The perfect way to beat the summer heat or enjoy a rainy day in Austin is to visit one of our city’s fine museums. And if you’re looking for an opportunity to brush up on your Texas history, look no further than Bullock Texas State History Museum, located just south of The University of Texas.
Having grown up in Texas and taken the obligatory two years of Texas history, going to the Bullock was a refresher course. The visit reminded me of all the crazy stories from the Lone Star State’s past that I’d forgotten, and introduced me to many I hadn’t heard before.
It was also fun to take my New Jersey-bred husband with me. He was able to trace the history of his newly adopted homeland from its prehistoric inhabitants, through the frontier years, and into modern times. I think he was at least mildly impressed by my ability to recall random characters from the fabric of history, like Erastus “Deaf” Smith.
If you haven’t been to Bullock Texas State History Museum yet, here are a few of the highlights waiting for you.
The Beautiful La Belle
One of the museum’s coolest artifacts is right on the ground floor: a partially-restored 17th century wooden ship called La Belle. The ship was part of the expedition of explorer René-Robert Cavelier, Sieur de la Salle. It was wrecked in a storm and sank beneath the waves of Matagorda Bay in the Gulf of Mexico. There it lay undisturbed for three centuries.
In 1995, the ship was discovered and the process began to carefully excavate the ship. It was painstakingly reconstructed and put on display at the Bullock, where the hull and many artifacts from the voyage are available for viewing. There is also a multi-sensory film, “Shipwrecked,” which tells the saga of La Belle’s final days. Seeing the wreck in person is fascinating and made me appreciate so much more the willingness of brave explorers to take off for uncharted lands on such small vessels.
–Keep reading: “7 Reasons to See a Shipwreck in Austin”
Journey Through the Texas Years
The museum is designed so that you can wind through the years over three floors. From early Native Americans through empressarios and the Texas Rangers, each section is carefully designed to give you a strong sense of time and place. For example, there is a prison-like design in the exhibit on Stephen F. Austin’s imprisonment by Mexican president Santa Ana from 1834-1835.
There is no shortage of mannequins dramatically depicting scenes from Texas’ past. If you take the time to slow down and learn, there is an incredible wealth of artifacts and stories to pore over.
Free Community Events
The Bullock hosts regular events that allow everyone access to exhibits and educational enrichment. The first Sunday of each month is H-E-B Free First Sunday, when admission is free for everyone from 12-5 p.m. There is typically a theme that may include hands-on activities, refreshments, and maybe even live music.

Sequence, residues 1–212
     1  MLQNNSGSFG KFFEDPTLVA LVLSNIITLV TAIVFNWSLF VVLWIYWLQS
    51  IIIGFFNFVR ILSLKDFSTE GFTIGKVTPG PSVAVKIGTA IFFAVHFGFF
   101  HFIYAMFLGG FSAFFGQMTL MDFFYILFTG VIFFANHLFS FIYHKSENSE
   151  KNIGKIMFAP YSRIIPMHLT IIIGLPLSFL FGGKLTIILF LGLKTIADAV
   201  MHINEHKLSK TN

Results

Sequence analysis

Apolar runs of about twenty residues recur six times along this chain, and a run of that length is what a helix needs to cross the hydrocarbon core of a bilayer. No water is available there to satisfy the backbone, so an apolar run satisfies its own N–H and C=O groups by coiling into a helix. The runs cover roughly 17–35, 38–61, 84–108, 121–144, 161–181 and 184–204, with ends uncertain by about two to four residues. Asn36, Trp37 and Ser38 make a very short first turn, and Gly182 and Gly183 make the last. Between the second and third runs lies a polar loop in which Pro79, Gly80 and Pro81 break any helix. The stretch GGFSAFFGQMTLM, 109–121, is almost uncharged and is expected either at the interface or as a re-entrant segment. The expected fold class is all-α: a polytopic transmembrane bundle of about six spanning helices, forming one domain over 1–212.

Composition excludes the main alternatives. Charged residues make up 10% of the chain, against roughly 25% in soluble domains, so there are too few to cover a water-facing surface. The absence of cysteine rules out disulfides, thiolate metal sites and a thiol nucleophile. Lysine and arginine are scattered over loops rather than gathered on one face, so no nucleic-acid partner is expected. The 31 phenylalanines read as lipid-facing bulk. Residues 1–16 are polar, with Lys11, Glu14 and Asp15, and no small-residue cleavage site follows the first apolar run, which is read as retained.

Speaking of music, one of the best free summer concerts in Austin is Music Under the Star. This series is held on Friday nights in July from 6-9 p.m. Austinites bring chairs and gather under the Bullock’s iconic star to hear music from the area’s best musical artists. Food, soda, beer, and a signature cocktail by Tito’s are available for purchase.
Stay up to date on all events using the museum’s online calendar.
The Biggest Screen in Our Big State
The Bullock Museum has the largest screen in Texas. In fact, it’s the only IMAX with laser film experience in the state. The theater shows popular Hollywood films, documentaries, and the Summer Free Family Film Series from June until August. If you’re looking for a larger than life movie experience, this impressive screen is just one more reason to remember the Bullock.
Visiting Bullock Texas State History Museum
The museum is open from 9-5 p.m. Monday through Saturday and 12-5 p.m. on Sunday. Admission to the museum is $13 for adults, $11 for seniors, military, and college students, and $9 for kids under 18. The museum is also a Blue Star Museum, meaning active military members receive free admission all summer long. Additional tickets are required to see movies in the Texas Spirit IMAX Theater.
Whether you’re a Texas native looking to see how much 7th grade knowledge stuck in your brain, or a transplant still trying to figure out who the city of Austin is named after, you’ll definitely want to check out Bullock Texas State History Museum.
1800 Congress Ave. – Website
@theAustinot wants to know:
What’s your favorite story from Texas history?